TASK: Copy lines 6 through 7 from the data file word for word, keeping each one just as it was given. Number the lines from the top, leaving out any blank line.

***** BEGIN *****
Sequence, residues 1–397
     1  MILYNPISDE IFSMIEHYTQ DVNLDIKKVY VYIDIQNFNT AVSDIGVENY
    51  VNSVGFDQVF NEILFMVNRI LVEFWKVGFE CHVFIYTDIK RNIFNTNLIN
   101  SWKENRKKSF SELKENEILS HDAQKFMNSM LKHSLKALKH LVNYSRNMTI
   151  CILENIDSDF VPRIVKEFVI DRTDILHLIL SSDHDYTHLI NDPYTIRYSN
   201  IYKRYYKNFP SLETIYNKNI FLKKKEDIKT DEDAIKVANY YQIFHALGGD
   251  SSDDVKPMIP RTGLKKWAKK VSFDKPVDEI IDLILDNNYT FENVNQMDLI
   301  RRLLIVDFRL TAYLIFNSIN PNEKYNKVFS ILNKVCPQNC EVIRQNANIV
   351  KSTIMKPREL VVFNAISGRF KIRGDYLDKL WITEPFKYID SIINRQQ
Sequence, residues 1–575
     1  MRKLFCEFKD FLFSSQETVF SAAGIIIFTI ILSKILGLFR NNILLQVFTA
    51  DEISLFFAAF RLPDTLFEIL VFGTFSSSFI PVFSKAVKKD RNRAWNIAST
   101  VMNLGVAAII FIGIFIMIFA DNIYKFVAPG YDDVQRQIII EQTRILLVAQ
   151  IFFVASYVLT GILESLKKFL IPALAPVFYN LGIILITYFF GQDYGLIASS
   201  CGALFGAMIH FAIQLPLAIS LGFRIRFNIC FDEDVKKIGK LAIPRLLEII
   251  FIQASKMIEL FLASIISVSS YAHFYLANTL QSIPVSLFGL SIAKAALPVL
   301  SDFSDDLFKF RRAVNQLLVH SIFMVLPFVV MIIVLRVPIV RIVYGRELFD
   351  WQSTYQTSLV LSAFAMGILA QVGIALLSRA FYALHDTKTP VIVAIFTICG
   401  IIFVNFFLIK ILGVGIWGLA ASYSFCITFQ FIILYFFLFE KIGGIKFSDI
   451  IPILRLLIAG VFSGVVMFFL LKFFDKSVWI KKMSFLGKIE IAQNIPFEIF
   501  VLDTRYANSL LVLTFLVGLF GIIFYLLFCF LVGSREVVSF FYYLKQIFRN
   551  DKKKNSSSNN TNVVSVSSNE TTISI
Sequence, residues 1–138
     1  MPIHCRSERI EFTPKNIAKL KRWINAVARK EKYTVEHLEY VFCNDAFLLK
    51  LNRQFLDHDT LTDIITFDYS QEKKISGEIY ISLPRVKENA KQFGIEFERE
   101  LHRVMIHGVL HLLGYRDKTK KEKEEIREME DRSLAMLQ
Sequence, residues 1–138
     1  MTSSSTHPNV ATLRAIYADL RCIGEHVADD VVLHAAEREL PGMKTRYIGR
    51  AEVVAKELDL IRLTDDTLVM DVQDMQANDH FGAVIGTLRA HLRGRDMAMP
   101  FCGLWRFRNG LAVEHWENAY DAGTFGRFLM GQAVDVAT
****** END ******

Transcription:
   201  IYKRYYKNFP SLETIYNKNI FLKKKEDIKT DEDAIKVANY YQIFHALGGD
   251  SSDDVKPMIP RTGLKKWAKK VSFDKPVDEI IDLILDNNYT FENVNQMDLI